Tou Tou giggles, and asserts that she will “kick them away, if he does.” Bobby mildly but firmly remonstrates, and points out to her the impropriety and ingratitude of such a line of conduct. But his arguments, though acute and well put, are not convincing, and the subject is continued, with ever-increasing warmth, all the way home.
It is Christmas-day—a clean white Christmas, pure and crisp. Wherever one looks, one’s eyes water cruelly. For my part, I am very thankful that it did not occur to God to make the world always white. I hate snow’s blinding livery. Each tiniest twig on the dry harsh trees is overladen with snow. It is a wonder that they do not break under it; nor is there any wind to shake down and disperse it. Tempest is white; the church is white: the whole world colorless and blinding. I have been in the habit of looking upon Vick as a white dog; to-day she appears disastrously dark—dirty brunette. Soap-and-water having entirely failed to restore her complexion. Bobby kindly proposes to pipeclay her.
We have all been to church, and admired our own decorations. And through all the prayer and the praise, and the glad Christmas singing, my soul has greatly hungered for Roger. Yes, even though all the boys are round me—Bobby on this side, the Brat on that—Algy directly in front; all behaving nicely, too; for are not they right under father’s eyes? Yes, and, for the matter of that, under the rector’s too, as he towers straight above us, under his ivy-bush—the ivy-bush into which Bobby was so anxious yesterday to insert some misletoe.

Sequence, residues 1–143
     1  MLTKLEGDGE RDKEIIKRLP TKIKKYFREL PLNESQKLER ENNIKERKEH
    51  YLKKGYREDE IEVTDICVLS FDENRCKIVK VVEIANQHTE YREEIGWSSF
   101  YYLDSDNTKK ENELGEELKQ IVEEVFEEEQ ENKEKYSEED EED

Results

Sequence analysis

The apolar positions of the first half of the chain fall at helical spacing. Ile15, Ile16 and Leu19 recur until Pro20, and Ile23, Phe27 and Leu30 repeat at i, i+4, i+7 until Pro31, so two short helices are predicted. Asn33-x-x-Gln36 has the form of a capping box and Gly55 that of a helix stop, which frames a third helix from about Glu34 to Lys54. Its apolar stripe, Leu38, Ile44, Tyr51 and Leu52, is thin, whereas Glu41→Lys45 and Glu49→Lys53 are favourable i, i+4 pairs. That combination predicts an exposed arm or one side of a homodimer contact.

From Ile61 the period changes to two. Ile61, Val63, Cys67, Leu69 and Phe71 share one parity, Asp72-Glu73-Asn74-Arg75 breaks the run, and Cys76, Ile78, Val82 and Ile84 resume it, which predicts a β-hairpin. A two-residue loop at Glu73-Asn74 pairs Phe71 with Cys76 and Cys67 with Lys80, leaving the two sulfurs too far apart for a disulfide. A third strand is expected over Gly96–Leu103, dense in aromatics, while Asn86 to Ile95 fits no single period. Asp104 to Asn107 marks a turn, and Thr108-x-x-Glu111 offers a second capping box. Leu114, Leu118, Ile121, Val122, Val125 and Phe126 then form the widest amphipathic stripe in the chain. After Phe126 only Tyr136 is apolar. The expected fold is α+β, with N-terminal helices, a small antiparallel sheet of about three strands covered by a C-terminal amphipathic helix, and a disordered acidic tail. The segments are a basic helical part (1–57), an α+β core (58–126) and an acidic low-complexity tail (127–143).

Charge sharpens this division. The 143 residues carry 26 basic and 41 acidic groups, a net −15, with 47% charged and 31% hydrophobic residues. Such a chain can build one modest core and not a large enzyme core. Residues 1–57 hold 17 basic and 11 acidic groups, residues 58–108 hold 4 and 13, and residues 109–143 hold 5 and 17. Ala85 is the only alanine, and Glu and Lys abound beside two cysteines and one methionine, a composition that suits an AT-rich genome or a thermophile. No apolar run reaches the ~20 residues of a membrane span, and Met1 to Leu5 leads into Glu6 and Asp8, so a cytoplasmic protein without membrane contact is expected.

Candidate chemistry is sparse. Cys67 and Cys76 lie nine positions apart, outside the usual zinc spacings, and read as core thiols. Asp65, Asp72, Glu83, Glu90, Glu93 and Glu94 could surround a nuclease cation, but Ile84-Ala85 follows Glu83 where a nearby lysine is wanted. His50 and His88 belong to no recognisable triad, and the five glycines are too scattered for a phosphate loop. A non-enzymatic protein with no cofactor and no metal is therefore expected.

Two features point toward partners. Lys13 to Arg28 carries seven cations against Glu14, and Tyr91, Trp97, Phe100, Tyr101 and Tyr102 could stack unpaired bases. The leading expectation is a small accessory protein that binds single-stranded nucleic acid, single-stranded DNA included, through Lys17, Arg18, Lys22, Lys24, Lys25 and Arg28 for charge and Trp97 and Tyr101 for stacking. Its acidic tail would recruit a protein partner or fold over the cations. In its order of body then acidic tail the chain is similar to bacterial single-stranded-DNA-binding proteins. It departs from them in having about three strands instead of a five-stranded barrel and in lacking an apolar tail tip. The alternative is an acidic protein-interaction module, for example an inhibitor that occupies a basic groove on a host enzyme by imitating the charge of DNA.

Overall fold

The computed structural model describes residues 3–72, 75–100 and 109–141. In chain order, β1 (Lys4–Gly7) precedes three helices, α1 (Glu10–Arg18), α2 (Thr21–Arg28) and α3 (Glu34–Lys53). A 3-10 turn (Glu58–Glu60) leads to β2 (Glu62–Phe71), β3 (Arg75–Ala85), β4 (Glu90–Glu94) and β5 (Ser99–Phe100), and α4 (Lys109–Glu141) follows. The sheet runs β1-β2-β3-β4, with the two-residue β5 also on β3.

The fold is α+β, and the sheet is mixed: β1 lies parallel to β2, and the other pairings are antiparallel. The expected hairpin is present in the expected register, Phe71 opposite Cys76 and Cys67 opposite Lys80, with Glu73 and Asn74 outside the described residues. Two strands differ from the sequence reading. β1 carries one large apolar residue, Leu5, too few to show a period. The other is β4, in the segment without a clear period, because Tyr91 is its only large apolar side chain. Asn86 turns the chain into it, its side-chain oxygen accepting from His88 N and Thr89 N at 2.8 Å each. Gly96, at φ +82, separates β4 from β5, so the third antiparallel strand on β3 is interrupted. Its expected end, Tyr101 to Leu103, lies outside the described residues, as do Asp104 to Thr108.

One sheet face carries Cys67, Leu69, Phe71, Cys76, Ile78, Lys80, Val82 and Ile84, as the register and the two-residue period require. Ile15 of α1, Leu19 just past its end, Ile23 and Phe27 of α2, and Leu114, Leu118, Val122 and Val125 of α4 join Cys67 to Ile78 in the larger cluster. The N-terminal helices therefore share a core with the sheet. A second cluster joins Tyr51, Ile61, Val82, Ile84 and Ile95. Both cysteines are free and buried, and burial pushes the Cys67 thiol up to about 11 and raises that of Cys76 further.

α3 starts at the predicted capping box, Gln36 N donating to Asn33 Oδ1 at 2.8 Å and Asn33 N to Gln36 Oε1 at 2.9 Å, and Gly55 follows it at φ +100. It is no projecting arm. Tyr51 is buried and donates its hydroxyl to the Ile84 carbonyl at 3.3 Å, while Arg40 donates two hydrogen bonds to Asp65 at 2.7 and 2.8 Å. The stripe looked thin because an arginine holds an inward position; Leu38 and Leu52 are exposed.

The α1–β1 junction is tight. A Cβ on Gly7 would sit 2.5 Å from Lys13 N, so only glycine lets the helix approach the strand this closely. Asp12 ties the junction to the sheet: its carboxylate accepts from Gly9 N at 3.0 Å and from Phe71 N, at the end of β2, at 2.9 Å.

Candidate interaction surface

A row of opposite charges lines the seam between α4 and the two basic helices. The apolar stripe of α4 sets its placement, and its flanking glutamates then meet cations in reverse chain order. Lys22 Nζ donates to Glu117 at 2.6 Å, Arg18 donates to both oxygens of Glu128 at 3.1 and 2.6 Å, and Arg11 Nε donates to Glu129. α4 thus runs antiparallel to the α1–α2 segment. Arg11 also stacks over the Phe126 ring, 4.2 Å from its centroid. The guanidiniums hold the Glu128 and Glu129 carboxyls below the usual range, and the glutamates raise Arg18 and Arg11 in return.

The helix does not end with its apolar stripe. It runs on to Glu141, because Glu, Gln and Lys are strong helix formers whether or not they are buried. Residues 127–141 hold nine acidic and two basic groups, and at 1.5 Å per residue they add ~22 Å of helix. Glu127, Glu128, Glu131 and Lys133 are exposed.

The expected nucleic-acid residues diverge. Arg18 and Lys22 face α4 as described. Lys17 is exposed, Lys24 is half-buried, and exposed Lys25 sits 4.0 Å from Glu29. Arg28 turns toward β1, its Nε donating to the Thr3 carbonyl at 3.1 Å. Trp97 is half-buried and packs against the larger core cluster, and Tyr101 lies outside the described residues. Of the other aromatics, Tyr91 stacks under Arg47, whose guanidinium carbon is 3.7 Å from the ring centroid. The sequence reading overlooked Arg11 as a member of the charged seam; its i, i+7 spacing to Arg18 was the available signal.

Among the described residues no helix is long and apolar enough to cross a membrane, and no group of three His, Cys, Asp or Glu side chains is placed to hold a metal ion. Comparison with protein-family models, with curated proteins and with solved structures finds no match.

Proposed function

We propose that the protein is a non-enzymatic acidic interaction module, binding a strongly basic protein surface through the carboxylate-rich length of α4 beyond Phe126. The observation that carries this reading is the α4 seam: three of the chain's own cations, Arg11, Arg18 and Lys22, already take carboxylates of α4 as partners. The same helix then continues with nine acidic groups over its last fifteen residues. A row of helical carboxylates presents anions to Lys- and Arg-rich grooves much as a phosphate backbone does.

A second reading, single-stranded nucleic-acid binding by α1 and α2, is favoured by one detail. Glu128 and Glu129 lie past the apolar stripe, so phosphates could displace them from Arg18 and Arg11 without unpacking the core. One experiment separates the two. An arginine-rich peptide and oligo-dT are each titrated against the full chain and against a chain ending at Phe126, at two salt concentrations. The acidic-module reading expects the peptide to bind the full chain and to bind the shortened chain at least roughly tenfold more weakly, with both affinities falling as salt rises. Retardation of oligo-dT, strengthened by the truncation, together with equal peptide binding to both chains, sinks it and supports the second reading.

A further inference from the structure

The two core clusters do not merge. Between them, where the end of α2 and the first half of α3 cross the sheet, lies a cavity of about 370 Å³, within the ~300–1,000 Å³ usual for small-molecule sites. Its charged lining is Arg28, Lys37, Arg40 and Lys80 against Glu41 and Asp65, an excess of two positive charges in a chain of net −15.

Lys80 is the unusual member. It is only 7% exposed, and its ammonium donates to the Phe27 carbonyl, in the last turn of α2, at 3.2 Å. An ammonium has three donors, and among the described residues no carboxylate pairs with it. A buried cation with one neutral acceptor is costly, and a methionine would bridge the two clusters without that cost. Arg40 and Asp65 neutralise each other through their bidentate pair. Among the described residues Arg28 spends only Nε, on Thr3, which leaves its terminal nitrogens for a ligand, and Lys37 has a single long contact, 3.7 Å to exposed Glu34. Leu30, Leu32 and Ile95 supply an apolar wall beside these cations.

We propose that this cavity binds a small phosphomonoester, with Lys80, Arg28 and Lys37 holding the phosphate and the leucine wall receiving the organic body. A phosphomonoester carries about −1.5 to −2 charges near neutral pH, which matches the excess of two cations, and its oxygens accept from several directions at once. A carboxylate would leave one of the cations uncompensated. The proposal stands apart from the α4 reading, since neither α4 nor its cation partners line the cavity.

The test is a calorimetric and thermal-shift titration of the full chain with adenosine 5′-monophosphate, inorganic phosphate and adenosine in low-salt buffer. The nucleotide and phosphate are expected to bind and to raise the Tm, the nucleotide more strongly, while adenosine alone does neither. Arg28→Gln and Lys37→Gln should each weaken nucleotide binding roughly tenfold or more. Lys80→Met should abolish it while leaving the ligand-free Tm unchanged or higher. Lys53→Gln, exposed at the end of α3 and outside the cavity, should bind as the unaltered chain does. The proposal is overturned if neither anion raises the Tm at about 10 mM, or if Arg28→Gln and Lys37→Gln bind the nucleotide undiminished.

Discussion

Church is over now, and the short afternoon has also slipped by. We are at dinner; we are dining early to-night—at half-past six o’clock, and we are to have a dance for the servants afterward. Any hospitality to my equals I have steadily and stoutly declined, but it seems a shame to visit my own loneliness on the heads of the servants, to whom it is nothing. They have always had a Christmas-dance in Roger’s reign, and so a dance they are to have now. We have religiously eaten our beef and plum-pudding, and have each made a separate little blue fire of burnt brandy in our spoon.
It is dessert now, and father has proposed Roger’s health. I did not expect it, and I never was so nearly betrayed into feeling fond of father in my life. They all drink it, each wishing him something good. As for me, I have been a fool always, and I am a fool now. I can wish him nothing, my voice is choked and my eyes drowned in inappropriate tears; only, from the depths of my heart, I ask God to give him every thing that He has of choicest and best. For a moment or two, the wax-lights, the purple grapes, the gleaming glass and shining silver, the kindly, genial faces swim blurred before my vision. Then I hastily wipe away my tears, and smile back at them all. As I raise my glistening eyes, I meet those of Mr. Musgrave fixed upon me—(he is the only stranger present). His look is not one that wishes to be returned; on the contrary, it is embarrassed at being met. It is a glance that puzzles me, full of inquiring curiosity, mixed with a sort of mirth. In a second—I could not tell you why—I look hastily away.